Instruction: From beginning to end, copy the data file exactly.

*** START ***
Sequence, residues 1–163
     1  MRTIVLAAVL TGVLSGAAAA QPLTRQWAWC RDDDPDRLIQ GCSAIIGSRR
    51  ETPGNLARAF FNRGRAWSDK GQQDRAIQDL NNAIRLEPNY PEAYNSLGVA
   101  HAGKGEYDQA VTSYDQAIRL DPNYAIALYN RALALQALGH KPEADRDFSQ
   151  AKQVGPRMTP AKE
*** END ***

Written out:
Sequence, residues 1–163
     1  MRTIVLAAVL TGVLSGAAAA QPLTRQWAWC RDDDPDRLIQ GCSAIIGSRR
    51  ETPGNLARAF FNRGRAWSDK GQQDRAIQDL NNAIRLEPNY PEAYNSLGVA
   101  HAGKGEYDQA VTSYDQAIRL DPNYAIALYN RALALQALGH KPEADRDFSQ
   151  AKQVGPRMTP AKE